Commission, Creeks Committee agree to $24,000 civil settlement Failed to file reports disclosing $190,000 in contributions

The Fair Political Practices Commission has reached a $24,000 civil settlement with the Committee for Clean Safe Creeks, and its treasurers, Susan A. Pino and Rick L. Callender, regarding campaign disclosure violations in connection with their successful effort to win passage of Measure B, the “Clean, Safe Creeks and Flood Protection Plan,” in the Nov. 7, 2000, Santa Clara County general election.

The FPPC alleged in its suit that before the election, the Creeks committee failed to timely file a pre- election campaign report disclosing $170,995 in contributions and $65,668 in expenditures and failed to file five late contribution reports disclosing an additional $20,000 in contributions. In addition, when the committee later filed the pre-election report, well after the election, it did not disclose required information about how $49,795 in contributions was spent. The committee also was not properly described in its campaign filings as a committee that was primarily formed to win passage of Measure B.

The civil lawsuit was filed by the FPPC in Santa Clara County Superior Court on Aug. 4, 2004. The final judgment, based on a stipulation signed by the FPPC, Pino, and Callender, was approved Aug. 13 by Santa Clara County Superior Court Judge Socrates P. Manoukian. Copies of the complaint, stipulation and judgment are available on the FPPC Web site at

“This was a significant matter for the voters of Santa Clara County,” said Steven Russo, chief of the FPPC’s Enforcement Division. “Due to the disclosure violations, the voters were deprived of important information regarding the conduct of the Measure B campaign and who supported it.” He noted that the measure passed by a very slim margin, receiving only 66.9% of the votes cast, with 66.6% needed for passage.

According to documents filed in the case, the Creeks committee received 29 contributions totaling $170,995, approximately two-thirds of the total contributions received by the committee during the second pre-election reporting period before the November 2000 election. They also made $65,668 in expenditures. They failed to report this activity on their pre-election campaign statement by Oct. 26, 2000, as required by law.


APPENDIX B - continued

During the next 16 days immediately preceeding the election, the Creeks committee then received five additional contributions of $1,000 or more totaling $20,000. Any contributions received within the last 16 days prior to an election are required to be reported as “late contributions” within 24 hours. The Creeks committee failed to satisfy that reporting obligation.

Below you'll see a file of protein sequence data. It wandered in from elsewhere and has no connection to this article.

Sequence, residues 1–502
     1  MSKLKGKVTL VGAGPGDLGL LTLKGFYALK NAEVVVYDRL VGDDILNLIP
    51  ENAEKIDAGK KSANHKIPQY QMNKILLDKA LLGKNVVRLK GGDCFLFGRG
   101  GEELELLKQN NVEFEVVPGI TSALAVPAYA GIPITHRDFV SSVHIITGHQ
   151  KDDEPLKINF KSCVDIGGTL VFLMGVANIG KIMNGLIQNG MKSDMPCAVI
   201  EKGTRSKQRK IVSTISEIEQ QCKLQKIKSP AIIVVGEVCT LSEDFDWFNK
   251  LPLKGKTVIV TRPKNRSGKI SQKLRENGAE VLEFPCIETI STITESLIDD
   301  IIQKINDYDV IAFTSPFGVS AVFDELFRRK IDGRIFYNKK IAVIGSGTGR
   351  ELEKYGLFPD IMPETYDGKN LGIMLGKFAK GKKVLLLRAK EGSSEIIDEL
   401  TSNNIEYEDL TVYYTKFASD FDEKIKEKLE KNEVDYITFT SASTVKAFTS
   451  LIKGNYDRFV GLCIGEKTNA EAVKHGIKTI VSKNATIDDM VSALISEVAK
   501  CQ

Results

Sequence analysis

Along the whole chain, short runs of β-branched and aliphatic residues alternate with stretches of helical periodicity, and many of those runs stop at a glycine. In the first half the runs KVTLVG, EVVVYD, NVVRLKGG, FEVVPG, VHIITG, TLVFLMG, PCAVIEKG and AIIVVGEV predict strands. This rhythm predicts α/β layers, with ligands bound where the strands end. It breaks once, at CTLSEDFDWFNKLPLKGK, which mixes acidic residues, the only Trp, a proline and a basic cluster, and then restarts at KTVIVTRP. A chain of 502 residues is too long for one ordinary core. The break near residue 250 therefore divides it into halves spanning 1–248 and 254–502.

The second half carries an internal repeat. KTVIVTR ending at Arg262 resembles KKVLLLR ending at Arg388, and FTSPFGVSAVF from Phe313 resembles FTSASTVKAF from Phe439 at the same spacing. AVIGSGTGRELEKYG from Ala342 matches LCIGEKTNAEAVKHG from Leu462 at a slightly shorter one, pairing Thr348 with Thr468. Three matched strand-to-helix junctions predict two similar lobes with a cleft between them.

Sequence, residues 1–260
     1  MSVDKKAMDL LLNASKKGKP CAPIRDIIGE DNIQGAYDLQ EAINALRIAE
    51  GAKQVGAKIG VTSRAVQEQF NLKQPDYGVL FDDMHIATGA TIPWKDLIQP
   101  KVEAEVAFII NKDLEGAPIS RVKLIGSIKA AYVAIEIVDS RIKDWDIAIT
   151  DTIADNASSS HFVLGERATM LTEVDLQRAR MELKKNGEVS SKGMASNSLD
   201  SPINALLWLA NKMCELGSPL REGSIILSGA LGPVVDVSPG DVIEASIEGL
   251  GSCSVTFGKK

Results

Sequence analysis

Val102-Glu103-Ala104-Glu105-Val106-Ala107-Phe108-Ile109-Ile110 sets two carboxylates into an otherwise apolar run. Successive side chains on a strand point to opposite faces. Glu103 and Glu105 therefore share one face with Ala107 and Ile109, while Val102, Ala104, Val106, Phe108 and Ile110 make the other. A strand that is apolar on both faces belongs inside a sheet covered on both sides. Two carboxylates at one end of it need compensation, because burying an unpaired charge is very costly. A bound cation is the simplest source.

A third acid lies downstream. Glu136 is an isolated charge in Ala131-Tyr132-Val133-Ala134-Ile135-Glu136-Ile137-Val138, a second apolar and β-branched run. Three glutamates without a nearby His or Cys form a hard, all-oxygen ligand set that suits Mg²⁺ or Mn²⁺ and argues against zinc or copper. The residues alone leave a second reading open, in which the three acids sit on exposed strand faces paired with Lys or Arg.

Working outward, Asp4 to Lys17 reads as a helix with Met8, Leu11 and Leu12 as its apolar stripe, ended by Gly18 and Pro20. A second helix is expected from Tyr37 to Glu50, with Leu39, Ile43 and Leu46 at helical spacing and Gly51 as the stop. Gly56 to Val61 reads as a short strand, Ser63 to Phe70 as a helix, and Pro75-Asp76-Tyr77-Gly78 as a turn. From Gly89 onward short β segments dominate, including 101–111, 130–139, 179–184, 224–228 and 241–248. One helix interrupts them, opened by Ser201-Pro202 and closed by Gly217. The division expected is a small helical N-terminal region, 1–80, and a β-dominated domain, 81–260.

After the November election, on Dec. 26, 2000, the committee belatedly filed the preelection campaign statement that had been due on Oct. 26. However, the committee failed to disclose required information about how $49,795 had been spent by the committee. Finally, in the committee’s first campaign filing -- a statement of organization filed on July 25, 2000 -- the committee failed to disclose its purpose as a committee primarily formed to support the passage of Measure B, as required by law. The committee was incorrectly described as a general purpose committee whose purpose was to support more than just the one ballot measure. This failure to correctly describe the true nature of the committee was then reflected in all of the committee’s subsequent campaign filings.

This case was handled as a civil lawsuit, rather than as an administrative action, and the terms of the settlement were brought before the members of the commission for approval during an earlier closed- session discussion of pending litigation. Because of the large amount of unreported contributions, particularly in the second pre-election statement, the case was handled as a civil action to allow for the possibility of a higher fine.

An administrative action is the FPPC’s more common method of prosecuting enforcement matters. For the 2000 election, the maximum possible administrative penalty was $2,000 per violation (since raised to $5,000 with the passage of Proposition 34). Senior Commission Counsel Deanne Canar and Investigator III Daniel Schek handled the case for the FPPC. ###


This report was PASSED and ADOPTED with a concurrence of at least 12 grand jurors on this 9 th day of April, 2009.

Don Kawashima Foreperson

June Nishimoto Foreperson pro tem